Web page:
Posted by: rogermitchell | April 30, 2016

De-mystifying church

The word ‘church’ carries so much baggage that for many, both inside and outside it, it is no longer a helpful expression of what it means to be Jesus’ body.

This is why, in company with many others (for example, I tend to use the word ecclesia, from the original Greek word for church in the gospel narratives (cf Mtt 16: 18) and New Testament epistles (Eph 1:22 et al). However, this does little to deal with the double problem of how so many people understand the church as a religious organization with a tendency to hierarchical control and fail to recognise its potential as a movement for overall peace and well-being today. This is especially true given the pressing need for just such a movement in the fast decomposing political system of the west, and the current re-emergence of the church to fulfill this need. While I am well aware that to counter this problem we need Jesus’ followers to embody his loving behaviour, what I and others around this blog call kenarchy,  I think we also need to explain what’s gone wrong when we have the chance. Hence another post along these lines.

The true body or the mystical body?

One of the most significant historical reasons for the problem with the word church is the process by which its direct link with the Jesus story was broken and transferred to the institution that oversaw the ceremony of the bread and the wine, what the Roman Catholics call the Eucharist, the protestants call the communion and some more radical types call the breaking of the bread. In my books Church, Gospel and Empire and The Fall of the Church (Wipf & Stock 2011 & 2013) and my December 21st 2010 post “Not much Jesus”, I refer to Henri de Lubac’s work. He describes how, culminating in the twelfth century, there was a trend in how church was understood that resulted in a lasting swap-over of what in the Latin was known as the corpus verum and corpus mysticum, that’s to say the true or real body, and the mystical, mysterious body. This meant that the simple but profound truth that the church was a movement of love for God, self, neighbour and enemy and the bread and the wine were a mysterious resource for this practical Jesus way of love, was pretty much lost. Instead it gave way to an understanding of the primary role of church as centering round a mysterious cultic ceremony of worship presided over by priests, or other professional religious experts. After the reformation this ceremony tended in protestant churches to center around preaching, again usually by institutionally trained qualified experts, and after Pentecostal renewal around the gifts of the Spirit and the ‘presence’ often induced by sung worship. As a result the primary meaning and experience of church has been lost for many.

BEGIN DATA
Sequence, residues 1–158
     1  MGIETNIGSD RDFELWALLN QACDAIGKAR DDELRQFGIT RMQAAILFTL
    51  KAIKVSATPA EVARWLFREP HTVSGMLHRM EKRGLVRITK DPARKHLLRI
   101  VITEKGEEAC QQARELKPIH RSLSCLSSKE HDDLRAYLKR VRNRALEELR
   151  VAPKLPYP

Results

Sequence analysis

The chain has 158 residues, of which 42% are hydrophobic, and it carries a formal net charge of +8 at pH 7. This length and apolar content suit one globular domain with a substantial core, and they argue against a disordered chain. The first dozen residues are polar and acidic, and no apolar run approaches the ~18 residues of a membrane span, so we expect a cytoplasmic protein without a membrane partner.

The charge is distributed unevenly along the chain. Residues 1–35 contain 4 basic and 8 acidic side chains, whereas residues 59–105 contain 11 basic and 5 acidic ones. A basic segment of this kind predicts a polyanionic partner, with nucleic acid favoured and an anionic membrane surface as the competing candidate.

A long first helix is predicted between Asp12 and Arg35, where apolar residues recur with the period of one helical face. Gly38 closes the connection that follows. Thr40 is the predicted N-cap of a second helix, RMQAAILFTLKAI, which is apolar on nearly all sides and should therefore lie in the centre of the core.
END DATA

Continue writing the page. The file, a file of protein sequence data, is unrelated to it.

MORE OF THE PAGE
The plan of the mystery or the mysterious plan?

Recently I have been catching up again with Giorgio Agamben’s work and particularly his book The Kingdom and the Glory (California: Stanford University Press, 2011). In this he highlights an early approach to Paul’s writings, similar to the trend in understanding church as mystery underlined by de Lubacs. Whereas Paul speaks of “the plan of the mystery” hidden in God but now made known in Jesus Christ (Eph 3:9-10), early church writers increasingly came to swap these words round and speak of “the mysterious plan”. So instead of the mystery as to how society can find peace being made known in the life, death and resurrection of Jesus, what now lies at the heart of Christian theology and practice is a mysterious plan that theologians have tried to decipher ever since. So church becomes the institutional context for trying to work out a mysterious plan instead of being the movement that lives out the obvious practical way of love that the story of Jesus embodies.




  1. That’s great, I love that. Easy to see how Christianity became irrelevant to the world!

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